Continuous integration using Jenkins and GitHub to automate deployment
Continuous Integration (CI) is rapidly becoming an integral part of software development process as it makes our monotonous and repetitive tasks a little less grindy. CI is a project development practice where developers integrate code into a shared repository frequently. Each Integration is then verified by an automated build that allows the team to detect problems in an early stage.
This post will walk you through the continuous integration with Jenkins and GitHub. Here we will install Jenkins, create Jenkins task and then configure it with GitHub.
Let’s get our arms around why Jenkins is so popular and why this is not just a hot topic, but an important best practice for developers.
Related: Git and GitHub for Beginners
Why Jenkins is so popular for Continuous Integration?
Jenkins is an open-source tool that tests and compiles the code. If everything is fine then it deploys the code for production else you will get a notification that builds has failed and you need to fix the bug/error. Similarly, Selenium - an automation testing tool - minimizes the testing time and eliminates repetitive human tasks.
Jenkins has an array of advantages, such as:
- Easily configurable
- Platform independent
- Rich plugin support
- Easy to create new Jenkins plugin if one is not available
Now you know why Jenkins is so popular, go ahead and install it.
Step-by-step guide to Install Jenkins
Follow the below steps:
Step 1: First install Java, using the following command.
$ sudo apt-get install openjdk-8-jre-headless -y
Step 2: Add the key and source list to apt for Jenkins.
$ wget -q -O - https://pkg.jenkins.io/debian/jenkins-ci.org.key | sudo apt-key add -
Step 3: Now create source list for Jenkins, using the below commands
$ sudo sh -c 'echo deb http://pkg.jenkins.io/debian-stable binary/ > /etc/apt/sources.list.d/jenkins.list'
Step 4: Update the packages
$ sudo apt-get update
Step 5: Now install Jenkins.
$ sudo apt-get install jenkins
Step 6: After installing Jenkins. Go to: http://your_ip_address:8080 and run the following commands to get admin password.
$ sudo nano /var/lib/jenkins/secrets/initialAdminPassword
Step 7: Now copy the password and paste into browser.
When finished, you should see a screen similar to the below one.
Integrating GitHub with Jenkins
The integration of GitHub with Jenkins automates deployment, testing and improves products quality while saving a significant amount of time of developers. Follow the below steps to integrate GitHub with Jenkins:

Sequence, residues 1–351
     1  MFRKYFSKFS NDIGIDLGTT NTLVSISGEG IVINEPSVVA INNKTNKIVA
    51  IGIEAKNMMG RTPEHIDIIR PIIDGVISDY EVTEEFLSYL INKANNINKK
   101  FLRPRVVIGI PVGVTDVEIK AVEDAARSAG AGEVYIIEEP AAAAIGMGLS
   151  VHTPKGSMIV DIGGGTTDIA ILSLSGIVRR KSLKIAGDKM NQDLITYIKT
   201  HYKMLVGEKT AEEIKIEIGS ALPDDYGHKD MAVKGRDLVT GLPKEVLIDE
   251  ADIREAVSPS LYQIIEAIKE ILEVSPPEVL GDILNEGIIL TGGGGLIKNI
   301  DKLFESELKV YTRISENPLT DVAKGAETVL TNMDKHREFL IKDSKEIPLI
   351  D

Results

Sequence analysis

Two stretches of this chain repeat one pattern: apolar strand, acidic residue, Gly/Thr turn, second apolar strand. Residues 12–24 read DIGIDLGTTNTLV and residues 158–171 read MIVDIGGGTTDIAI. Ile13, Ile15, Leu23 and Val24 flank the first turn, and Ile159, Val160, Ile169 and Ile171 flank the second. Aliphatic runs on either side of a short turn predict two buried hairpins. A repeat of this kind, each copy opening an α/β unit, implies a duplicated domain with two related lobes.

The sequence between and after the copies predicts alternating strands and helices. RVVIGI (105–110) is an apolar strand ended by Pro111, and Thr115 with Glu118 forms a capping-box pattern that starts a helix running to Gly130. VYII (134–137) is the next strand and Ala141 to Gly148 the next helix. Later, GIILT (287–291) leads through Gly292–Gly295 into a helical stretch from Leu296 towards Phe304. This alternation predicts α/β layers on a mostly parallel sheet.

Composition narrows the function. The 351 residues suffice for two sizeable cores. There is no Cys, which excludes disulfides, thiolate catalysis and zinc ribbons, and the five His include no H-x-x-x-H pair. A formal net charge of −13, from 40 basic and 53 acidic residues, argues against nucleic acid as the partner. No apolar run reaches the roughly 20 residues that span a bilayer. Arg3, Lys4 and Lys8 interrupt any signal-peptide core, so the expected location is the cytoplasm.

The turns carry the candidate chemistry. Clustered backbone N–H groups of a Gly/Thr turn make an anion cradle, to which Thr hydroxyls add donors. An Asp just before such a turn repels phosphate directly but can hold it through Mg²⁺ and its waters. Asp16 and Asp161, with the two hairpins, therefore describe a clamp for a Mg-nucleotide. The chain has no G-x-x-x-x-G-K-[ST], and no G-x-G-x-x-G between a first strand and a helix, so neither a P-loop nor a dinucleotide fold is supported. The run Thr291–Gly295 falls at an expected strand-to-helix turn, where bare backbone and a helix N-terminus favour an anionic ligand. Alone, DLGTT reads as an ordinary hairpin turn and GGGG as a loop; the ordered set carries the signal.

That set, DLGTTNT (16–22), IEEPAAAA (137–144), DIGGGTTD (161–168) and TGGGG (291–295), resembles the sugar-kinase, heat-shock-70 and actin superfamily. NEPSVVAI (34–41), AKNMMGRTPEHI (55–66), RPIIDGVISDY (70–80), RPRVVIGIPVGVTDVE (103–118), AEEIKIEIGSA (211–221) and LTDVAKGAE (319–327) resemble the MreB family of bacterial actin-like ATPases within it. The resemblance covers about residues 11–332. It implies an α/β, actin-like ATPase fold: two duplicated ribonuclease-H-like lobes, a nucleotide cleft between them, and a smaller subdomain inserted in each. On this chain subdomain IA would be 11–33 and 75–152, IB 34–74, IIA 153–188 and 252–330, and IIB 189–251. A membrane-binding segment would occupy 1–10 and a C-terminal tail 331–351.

Prerequisite: Install GitHub Jenkins plugin.
Step 1 Go to Manage Jenkins -> Manage Plugin.
Step 2 Search Github Plugin in the Available tab then click on Download now and install after the restart.
Creating a Jenkins job
Step 1 To Create a new task for Jenkins, click on “New Item” then enter an item name that is suitable for your project and select Freestyle project. Now click Ok.
Step 2 Select the GitHub project checkbox and set the Project URL to point to your GitHub Repository.
Step 3 Under Source Code Management tab, select Git and then set the Repository URL to point to your GitHub Repository.
Step 4 Now Under Build Triggers tab, select the “Build when a change is pushed to GitHub” checkbox.
Step 5 At the end, execute Shell script to take a clone from dev. When the configuration is done, click on save button.
Configuring GitHub for Jenkins
Step 1 Install the Jenkins (GitHub plugin) on a git repository.
Step 2 Now set the Jenkins hook URL as the URL for your machine.
Note: Github will not accept Local URL, hence, we need to install ngrok software to create live URL for port 8080. Here you can find complete guide for configuration: https://ngrok.com/download
Phew. That was quite the ride!
Every time you publish changes to GitHub, it will trigger new Jenkins job. Now you know an entire process of continuous integration with Jenkins and GitHub. Similarly, you can integrate Jenkins with selenium to automate testing. Go ahead and try it on your own software development. Note that computers don't get bored so while they handle deployment and testing, you're free to do other important works.
Is there anything you'd like to clarify or see further clarified about Jenkins and GitHub? Let me know in the comments below!
Below given is a presentation on Continuous Integration with Jenkins and GitHub